Progress, Interview, and NO DRM!

(This is a copy of my latest kickstarter update for "Not Your Space", a fast-paced customizable real-time strategy game for Windows)


A few days ago, I said I wanted to add five new options by the end of the week. So far, I’ve added eight!

I think “tough defenders”, “all large planets”, and all planets owned” are self-explanatory, and I talked about “giant dreadnoughts” in a previous update.

“Cumulative costs” increases the cost of each new ship, according to how many you already have. “Favorite ships” gives each race a 25% discount in wealth, pop, and resources when building a single pre-determined type of ship.

You can’t see it here, but I’ve also added a “distance between systems” setting to the map options screen, as was suggested by one of you lovely people! Thanks 🙂

Much of this should be available in the revised demo, which might be coming monday-ish… (could I be less specific?)


After reading some articles by Wayward Strategist and the senior designer of Grey Goo, I started work on some ways to slow down progression in Not Your Space. None of these changes will be forced upon you (they’ll be options!), but they’ll be there if you want them.

For one thing, I’ve implemented an option that makes it so you can only build one ship at each planet an any given time. This in itself slows things down, and makes your choices much more significant.

But I intend to take it further: I have conceived of some optional “structures” (like buildings). Each of them has four levels, requiring increasing amounts of wealth to construct.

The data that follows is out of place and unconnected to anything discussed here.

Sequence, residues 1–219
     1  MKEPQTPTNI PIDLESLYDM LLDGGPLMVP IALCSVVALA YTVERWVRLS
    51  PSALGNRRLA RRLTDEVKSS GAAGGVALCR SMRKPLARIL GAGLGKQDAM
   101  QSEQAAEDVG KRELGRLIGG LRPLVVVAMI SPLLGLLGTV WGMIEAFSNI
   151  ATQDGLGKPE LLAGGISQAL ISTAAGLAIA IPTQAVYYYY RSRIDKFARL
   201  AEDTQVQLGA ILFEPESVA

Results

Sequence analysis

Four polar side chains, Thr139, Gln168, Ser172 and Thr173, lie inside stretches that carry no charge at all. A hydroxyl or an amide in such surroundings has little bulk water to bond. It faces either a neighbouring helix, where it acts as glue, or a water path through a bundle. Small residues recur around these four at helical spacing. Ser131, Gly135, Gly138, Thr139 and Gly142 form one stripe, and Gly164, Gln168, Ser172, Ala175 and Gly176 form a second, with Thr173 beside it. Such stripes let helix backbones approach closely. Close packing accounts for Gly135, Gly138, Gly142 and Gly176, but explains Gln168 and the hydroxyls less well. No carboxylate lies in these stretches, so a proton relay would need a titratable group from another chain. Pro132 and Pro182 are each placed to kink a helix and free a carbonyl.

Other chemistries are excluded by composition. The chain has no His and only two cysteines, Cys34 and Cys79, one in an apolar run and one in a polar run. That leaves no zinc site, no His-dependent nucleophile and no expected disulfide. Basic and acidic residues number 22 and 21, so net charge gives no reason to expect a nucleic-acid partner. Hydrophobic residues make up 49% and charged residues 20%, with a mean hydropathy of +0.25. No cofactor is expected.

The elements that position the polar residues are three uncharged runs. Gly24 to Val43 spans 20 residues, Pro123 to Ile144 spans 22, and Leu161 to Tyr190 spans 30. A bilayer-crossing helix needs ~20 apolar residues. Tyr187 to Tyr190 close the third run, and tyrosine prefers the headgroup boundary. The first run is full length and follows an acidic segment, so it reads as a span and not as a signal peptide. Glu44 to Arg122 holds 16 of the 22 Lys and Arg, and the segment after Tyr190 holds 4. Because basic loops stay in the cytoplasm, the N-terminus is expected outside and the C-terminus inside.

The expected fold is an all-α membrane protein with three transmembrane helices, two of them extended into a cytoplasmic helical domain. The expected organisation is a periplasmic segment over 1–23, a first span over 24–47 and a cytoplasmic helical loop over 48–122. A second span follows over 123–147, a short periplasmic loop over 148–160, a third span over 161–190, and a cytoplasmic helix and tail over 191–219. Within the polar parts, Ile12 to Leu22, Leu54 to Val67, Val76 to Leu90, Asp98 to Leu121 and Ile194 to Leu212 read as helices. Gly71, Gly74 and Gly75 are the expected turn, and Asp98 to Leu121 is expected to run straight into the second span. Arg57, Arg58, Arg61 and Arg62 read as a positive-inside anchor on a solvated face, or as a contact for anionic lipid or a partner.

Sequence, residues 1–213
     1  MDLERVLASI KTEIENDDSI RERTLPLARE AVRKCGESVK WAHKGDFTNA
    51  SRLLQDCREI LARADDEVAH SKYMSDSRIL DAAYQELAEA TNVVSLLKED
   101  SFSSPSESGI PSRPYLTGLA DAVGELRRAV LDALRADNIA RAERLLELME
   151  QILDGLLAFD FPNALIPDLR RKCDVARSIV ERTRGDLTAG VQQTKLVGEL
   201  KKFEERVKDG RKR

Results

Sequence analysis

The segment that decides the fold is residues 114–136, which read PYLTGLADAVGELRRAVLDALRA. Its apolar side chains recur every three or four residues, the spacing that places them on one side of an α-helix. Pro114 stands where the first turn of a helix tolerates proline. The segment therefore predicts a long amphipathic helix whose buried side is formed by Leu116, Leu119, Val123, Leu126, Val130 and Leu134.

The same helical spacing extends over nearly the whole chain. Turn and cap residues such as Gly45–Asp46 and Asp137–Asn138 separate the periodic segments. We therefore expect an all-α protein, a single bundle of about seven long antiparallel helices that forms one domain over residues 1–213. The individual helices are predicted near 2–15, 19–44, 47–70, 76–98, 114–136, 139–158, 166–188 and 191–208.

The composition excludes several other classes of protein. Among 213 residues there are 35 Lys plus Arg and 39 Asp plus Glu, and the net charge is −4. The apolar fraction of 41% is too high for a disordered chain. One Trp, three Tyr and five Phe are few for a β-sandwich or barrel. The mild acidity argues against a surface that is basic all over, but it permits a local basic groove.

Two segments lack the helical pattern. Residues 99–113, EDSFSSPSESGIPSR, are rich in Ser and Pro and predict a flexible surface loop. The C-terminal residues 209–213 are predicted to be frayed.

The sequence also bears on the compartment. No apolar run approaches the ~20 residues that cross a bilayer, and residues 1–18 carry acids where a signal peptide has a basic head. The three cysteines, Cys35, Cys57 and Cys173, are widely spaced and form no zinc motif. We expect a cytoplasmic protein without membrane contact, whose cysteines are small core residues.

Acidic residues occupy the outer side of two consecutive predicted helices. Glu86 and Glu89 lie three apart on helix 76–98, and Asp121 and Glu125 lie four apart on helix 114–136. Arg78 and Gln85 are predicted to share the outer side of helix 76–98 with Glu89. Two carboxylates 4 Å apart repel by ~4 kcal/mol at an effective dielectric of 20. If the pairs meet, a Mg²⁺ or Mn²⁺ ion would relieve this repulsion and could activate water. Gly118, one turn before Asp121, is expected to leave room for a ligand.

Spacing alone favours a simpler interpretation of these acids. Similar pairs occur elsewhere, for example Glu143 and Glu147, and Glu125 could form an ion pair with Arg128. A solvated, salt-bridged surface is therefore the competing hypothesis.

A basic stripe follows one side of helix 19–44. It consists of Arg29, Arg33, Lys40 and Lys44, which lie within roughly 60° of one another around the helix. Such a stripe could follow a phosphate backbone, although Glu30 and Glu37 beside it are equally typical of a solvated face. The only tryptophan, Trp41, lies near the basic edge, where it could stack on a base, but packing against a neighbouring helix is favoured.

Shipyards need to be built on a planet before you can build ships. Three new kinds of ship are unlocked at each level, except for level 4, which unlocks dreadnoughts, making those heavy ships even more of an investment.

If you choose “Research Labs“, then they must be built before you gain any research points from a planet. Each level increases the amount of research points generated. Of course this only works if you choose “research” as an option in the first place.

Building “Planetary Mining” facilities will increase the amount of resources generated by a planet in a resource game. Higher levels yield higher rewards, possibly eventually equaling or surpassing the effectiveness of space-mining efforts.

This will take some development time, and also a new set of graphics, so I have no specific timeline on adding structures to the game.


Most kickstarter campaigns experience reduced action in the middle… they call it “The Slump”. Your project isn’t “new” anymore, and it’s also not “ending soon”… It’s just “there”.

I could really use your help in getting through this period. Tell your friends, family, and steam friends. Vote yes on greenlight. Post on twitter, facebook, reddit, instagram, whatever it is you do.


As soon as I launched the Kickstarter for Not Your Space, I was approached for an interview by a writer from GameSkinny. The results are finally up here. There is definitely some information there that you haven’t heard anywhere else. I go in depth about the planned AI system, and talk a little about the history of the game as well.

There has also been a nice short piece about the game published by +10 to Fire Resist, calling for other developers to give players such a wide range of options. (Just don’t do it before I’m done!)


I wrote this at the bottom of the Kickstarter page, but I know not everyone reads everything. So here it is:


This is specifically in reference to my previous Kickstarter game Approaching Infinity, which was picked up by Shrapnel Games after spending more than a year in Greenlight, to no avail. When I knew Shrapnel, they were great, so I was very excited. But the world has moved on from their old-school practices, and although I love the fact that my game comes in a box with a printed manual and pretty DVD, there’s no way I would go down that road again in this video-game-climate.

So fear not!

Also, help me make it through greenlight in less than a year, wink wink 😉




3 thoughts on “Progress, Interview, and NO DRM!

  1. Would Shrapnel allow you to patch out the DRM from Approaching Infinity, or can you release a DRM-free version of AI using Humble Widget or GOG at a $20 price point?

    I think you’d generate a surprising amount of sales that way.

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